Travel to Malawi included an overnight flight from Toronto to Amsterdam, and after a day (9hr) in the airport, another overnight flight to Nairobi, Kenya. The next flight was from Nairobi to Lilongwe. the capitol of Malawi. In all the trip took about 40hours. However, I traveled with my fellow WUSC volunteer, David Prescott, which made it a very pleasant trip. We arrived in Lilongwe about an hour late but were immediately met by Yanara Marks, our contact in Malawi. Thank you Yanara!
From the airport we travelled immediately to the Riverside Hotel. As we walked down the hall to our rooms the power went out. Power outages are very common in Lilongwe because the demand on the power grid exceeds capacity. On Sundays, we discovered, the power goes off for most of the day, presumably to do some maintenance on the grid but it may be for power sharing.
The Riverside Hotel had WiFi. That is, there is WiFi when it is working. Generally speaking, it does not work in the afternoon probably because that is when the demand is the highest. It also does not work when the manager of the hotel changes the password. And it is not easy to find out what the new password is as we found out the hard way.
Here are Vietnamese work colleagues and acquaintances at a farewell dinner at a colleague's home in Ho Chi Minh City given for me and Uniterra volunteer Jeff Winch from Humber College. They used three tabletop stoves and piles of fresh ingredients -- the basis for any meal here -- to concoct a multi-course dinner including pork- and shrimp-stuffed crepes, crab legs, leaf-wrapped shrimp and more.
In my Guelph Mercury column (From the Second Storey) written in my final week on Uniterra assignment in Vietnam, I reflect on lessons learned in this country. From learning how to cross a road (no small feat in Saigon's scooter-clogged streets) to gaining empathy, humility and respect, I've gotten a few things from this experience.
Here's a view from the top floor of the house, located in a more affluent part of Ho Chi Minh City. Located not in one of the city's warren of alleys but erected on a main street, the house -- like its neighbours -- is a tall narrow building block that houses several generations up and down its five storeys. Top floor is home to a glassed-in dining space, rooftop garden and religious shrine. The last two items are common in many homes here.
I've written here already about the huge numbers of young people here in Vietnam. Today in my Guelph Mercury column (From the Second Storey), I invite a few young voices to share their thoughts about their studies, their city, their goals and their pet peeves. No surprise: the latter include traffic and attendant pollution in this scooter-obsessed city of nine million souls.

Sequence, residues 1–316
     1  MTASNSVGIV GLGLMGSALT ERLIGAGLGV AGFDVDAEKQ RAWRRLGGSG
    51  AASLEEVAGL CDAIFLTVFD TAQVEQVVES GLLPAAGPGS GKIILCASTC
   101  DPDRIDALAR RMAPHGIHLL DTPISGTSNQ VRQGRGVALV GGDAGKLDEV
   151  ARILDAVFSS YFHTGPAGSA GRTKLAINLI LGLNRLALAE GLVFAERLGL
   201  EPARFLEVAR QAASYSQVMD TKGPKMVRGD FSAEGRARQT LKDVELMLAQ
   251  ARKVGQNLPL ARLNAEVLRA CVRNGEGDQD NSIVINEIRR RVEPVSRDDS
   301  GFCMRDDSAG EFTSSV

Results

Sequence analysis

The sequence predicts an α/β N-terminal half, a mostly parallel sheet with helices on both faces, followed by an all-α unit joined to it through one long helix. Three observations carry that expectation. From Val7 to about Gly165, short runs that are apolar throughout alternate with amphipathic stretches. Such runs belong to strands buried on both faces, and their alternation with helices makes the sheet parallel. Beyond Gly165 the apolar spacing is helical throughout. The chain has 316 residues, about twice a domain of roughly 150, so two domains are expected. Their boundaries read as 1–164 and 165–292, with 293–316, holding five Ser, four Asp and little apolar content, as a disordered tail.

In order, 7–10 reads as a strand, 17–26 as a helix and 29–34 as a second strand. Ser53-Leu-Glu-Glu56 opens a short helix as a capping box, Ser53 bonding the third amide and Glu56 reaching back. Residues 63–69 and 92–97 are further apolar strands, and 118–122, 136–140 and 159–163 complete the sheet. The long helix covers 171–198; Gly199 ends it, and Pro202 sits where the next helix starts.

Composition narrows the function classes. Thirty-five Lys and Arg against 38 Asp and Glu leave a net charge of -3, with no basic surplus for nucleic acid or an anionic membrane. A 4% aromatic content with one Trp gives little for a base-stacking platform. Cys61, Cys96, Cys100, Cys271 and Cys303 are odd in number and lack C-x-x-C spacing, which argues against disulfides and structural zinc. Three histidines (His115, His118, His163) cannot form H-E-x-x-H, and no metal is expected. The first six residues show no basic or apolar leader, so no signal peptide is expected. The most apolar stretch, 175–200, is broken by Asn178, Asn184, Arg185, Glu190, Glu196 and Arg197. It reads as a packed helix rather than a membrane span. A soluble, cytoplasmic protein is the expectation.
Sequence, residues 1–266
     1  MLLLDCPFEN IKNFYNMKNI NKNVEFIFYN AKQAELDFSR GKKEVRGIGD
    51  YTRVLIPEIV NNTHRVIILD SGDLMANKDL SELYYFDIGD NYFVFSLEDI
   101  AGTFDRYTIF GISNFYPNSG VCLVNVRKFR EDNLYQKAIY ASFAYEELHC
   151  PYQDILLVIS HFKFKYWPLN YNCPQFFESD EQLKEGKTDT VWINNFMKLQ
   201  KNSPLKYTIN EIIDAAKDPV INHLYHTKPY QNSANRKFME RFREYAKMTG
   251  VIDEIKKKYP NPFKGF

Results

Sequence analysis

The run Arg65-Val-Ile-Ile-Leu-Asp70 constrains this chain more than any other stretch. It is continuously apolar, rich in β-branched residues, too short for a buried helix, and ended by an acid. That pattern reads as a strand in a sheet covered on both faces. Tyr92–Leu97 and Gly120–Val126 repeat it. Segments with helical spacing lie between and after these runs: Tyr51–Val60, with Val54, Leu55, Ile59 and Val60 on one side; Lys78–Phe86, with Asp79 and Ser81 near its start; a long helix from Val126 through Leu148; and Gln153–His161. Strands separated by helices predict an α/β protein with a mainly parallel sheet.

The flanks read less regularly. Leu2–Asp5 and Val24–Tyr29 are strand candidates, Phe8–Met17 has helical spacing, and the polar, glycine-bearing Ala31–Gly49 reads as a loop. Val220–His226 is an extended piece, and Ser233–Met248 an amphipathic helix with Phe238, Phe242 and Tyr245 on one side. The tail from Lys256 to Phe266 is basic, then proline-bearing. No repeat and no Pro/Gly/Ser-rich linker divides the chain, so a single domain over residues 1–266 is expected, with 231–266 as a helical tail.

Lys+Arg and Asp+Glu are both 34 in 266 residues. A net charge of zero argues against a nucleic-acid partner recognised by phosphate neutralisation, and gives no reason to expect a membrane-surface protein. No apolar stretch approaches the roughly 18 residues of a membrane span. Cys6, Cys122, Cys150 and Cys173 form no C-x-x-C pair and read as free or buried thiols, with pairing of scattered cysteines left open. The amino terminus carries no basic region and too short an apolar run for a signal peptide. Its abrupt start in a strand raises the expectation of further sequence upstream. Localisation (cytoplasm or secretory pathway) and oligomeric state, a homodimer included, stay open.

I spoke to three students at Ho Chi Minh City College of Economics, where I'm completing my Leave for Change assignment. From left with me here are Yi Nguyen, Nyugen Trong Tuan and Quhyn Nguyen.
And I talked to Tran Min Tam, below, a university grad and accountant whom we met at the local cafe near our college. Like many Vietnamese we have encountered during the past four weeks here, he smiled and began conversing. An opportunity for him to practise his English -- and a chance for me to learn something of this place through younger eyes.
It was the tallest building in Vietnam. The Bitexco Financial Tower stands in downtown Ho Chi Minh City (HCMC) near the Saigon River. 262 metres tall. 68 stories. You can see it from all over the city, especially at night with its array of lights like a beacon.
It's a lotus bud made of steel and glass. Curving to its peak, it's designed to resemble the unopened bud of a lotus flower, Vietnam's national flower.
The Vietnamese view the tower as a symbol of progress and ambition. A sign about the tower reads: "It's ambitious and in your face, much like its host city."
It takes only seconds for the elevator to whoosh you up to the observation deck on the 49th floor. A couple of ear pops on the way, both up and down.
Up on the deck, you get a full 360 view of this city of some nine million people, a Lego-land sprawling out to the horizon. Smog haze: all those vehicles and buildings down below burning carbon.
Vietnam's Bitexco Group owns the skyscraper, built between 2007 and 2010. For a time, the Bitexco tower was this country's tallest building. It's still the big daddy here in Ho Chi Minh City, the nation's financial capital.
In 2011 it was surpassed by the 336-metre-tall Keangnam Landmark 72 in the country's capital Hanoi. Slightly taller than Bitexco is the Lotte Centre (272 metres) also in Hanoi.
Just this week another project began here in Ho Chi Minh City, also on the Saigon River. That's the planned Vincom Landmark 81, which will soar 81 stories high. At its planned 460 metres, it will be the tallest building in the country when it's finished in 2017.
Down on the ground, among the hotels and office towers here in the city's District 1, they're also building a new subway-monorail. The 20-kilometre stretch to District 9 -- scheduled for completion by 2020, but who knows -- will be the first leg of a planned transit network for this city.
That inaugural leg will run through a vast stretch of cleared land directly across the Saigon River from downtown (photo below). From the Bitexco skyscraper observation deck, that open space in District 2 is a bare island in this city's Lego-land. But not for much longer.
Look closely and you can see a few construction cranes and other signs of activity down there on that blank slate. They plan to develop about 650 hectares there into the Thu Thiem New Urban Area -- basically a brand-new downtown. Up in the Bitexco tower, they describe the planned area as HCMC's answer to London's Docklands urban centre.
Vu Quang Hoi is the developer who bankrolled much of the Bitexco tower. He's quoted as saying, "Vietnam is not an isolated war-torn country anymore, it is an integrated part of the global economy."
As usual, that development doesn't come without concerns. Look past the hoardings into most construction sites here and you see appalling health and safety conditions. Guys without hard hats and wearing sandals churn in the muck, carrying rebar over their shoulders in pairs as though they're back in the early 20th century.
Vietnam is recreating itself as a developed nation but with developing country conditions.
Scooters and bicycles lined up in the courtyard means back to school here, Monday August 3. A new term has begun today for some 3,500 students enrolled at Ho Chi Minh City College of Economics (HCE).